Expert: hypnosis may help diabetes

BRISTOL - Diabetes is the seventh leading cause of death in Vermont, and many diabetics have found help with keeping to their self-care plan through hypnosis.

Diabetes has been named by the Vermont Department of Health as a serious state-wide public health problem, with seven percent of the Vermont adult population already diagnosed with disease and approximately 130,000 adult Vermonters with pre-diabetes. Significant complications of diabetes include lower limb amputations, blindness, kidney disease and failure, heart disease, stroke and dental infections.

The good news is that diabetes in controllable and prevention. April is Defeat Diabetes Month, time to take steps to promote wellness and prevention programs through all health care modalities.

A grant from the Centers for Disease Control and Prevention (CDC) to reduce the burden of diabetes in Vermont calls for "coordination of efforts within the state and to promote wellness and physical activity for persons with diabetes and at high risk."

Central to these efforts is weight control and avoiding eating those foods that trigger insulin production.

Hypnosis can help with both and scientific studies have shown for many years that hypnosis is an especially effective means of weight control. Clients can also learn to control their own blood sugar levels. Instilling on-going and consistent motivation and compliance are similarly areas of great success through hypnosis.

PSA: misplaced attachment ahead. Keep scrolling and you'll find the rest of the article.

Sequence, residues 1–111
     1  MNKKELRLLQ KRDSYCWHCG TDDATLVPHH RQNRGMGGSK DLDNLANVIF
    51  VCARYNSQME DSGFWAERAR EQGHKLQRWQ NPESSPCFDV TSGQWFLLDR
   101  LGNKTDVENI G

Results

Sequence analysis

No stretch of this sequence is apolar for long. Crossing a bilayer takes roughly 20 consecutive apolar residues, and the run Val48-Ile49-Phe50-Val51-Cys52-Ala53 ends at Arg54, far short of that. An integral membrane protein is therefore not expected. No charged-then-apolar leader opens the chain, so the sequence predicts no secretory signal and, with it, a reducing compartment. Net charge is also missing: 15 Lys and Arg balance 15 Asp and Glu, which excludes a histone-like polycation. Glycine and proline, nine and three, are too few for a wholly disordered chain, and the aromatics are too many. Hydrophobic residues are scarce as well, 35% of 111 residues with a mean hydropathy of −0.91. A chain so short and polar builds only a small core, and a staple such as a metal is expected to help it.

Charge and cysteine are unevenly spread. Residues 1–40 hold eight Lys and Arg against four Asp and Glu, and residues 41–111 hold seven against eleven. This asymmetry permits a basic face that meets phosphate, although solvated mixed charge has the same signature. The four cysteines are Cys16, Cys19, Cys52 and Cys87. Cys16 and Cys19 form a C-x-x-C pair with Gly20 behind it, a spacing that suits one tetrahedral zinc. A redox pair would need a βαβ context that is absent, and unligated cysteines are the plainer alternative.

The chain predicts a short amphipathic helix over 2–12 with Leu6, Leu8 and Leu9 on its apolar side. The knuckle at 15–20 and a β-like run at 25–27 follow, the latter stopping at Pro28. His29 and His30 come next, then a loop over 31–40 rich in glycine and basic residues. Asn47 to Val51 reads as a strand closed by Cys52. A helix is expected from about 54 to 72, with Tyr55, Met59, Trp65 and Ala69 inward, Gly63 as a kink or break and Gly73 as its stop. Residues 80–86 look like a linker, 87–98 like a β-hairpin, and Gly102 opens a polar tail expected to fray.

"There are many benefits to weight control and self-care with hypnosis, for example it has no side effects other than the relaxation produced by the session," said Certified Clinical Hypnotherapist Dr. Kerry K. Skiffington.

"Hypnosis is a natural brain state and everyone with an average intelligence and the right method of hypnosis can be hypnotized. In fact, everyone who has an imagination or who has daydreamed has been in hypnosis, and when you go to a hypnotherapist like me you are guided to a deeper internal state where the suggestions are much more powerful and longer lasting," Skiffington said.

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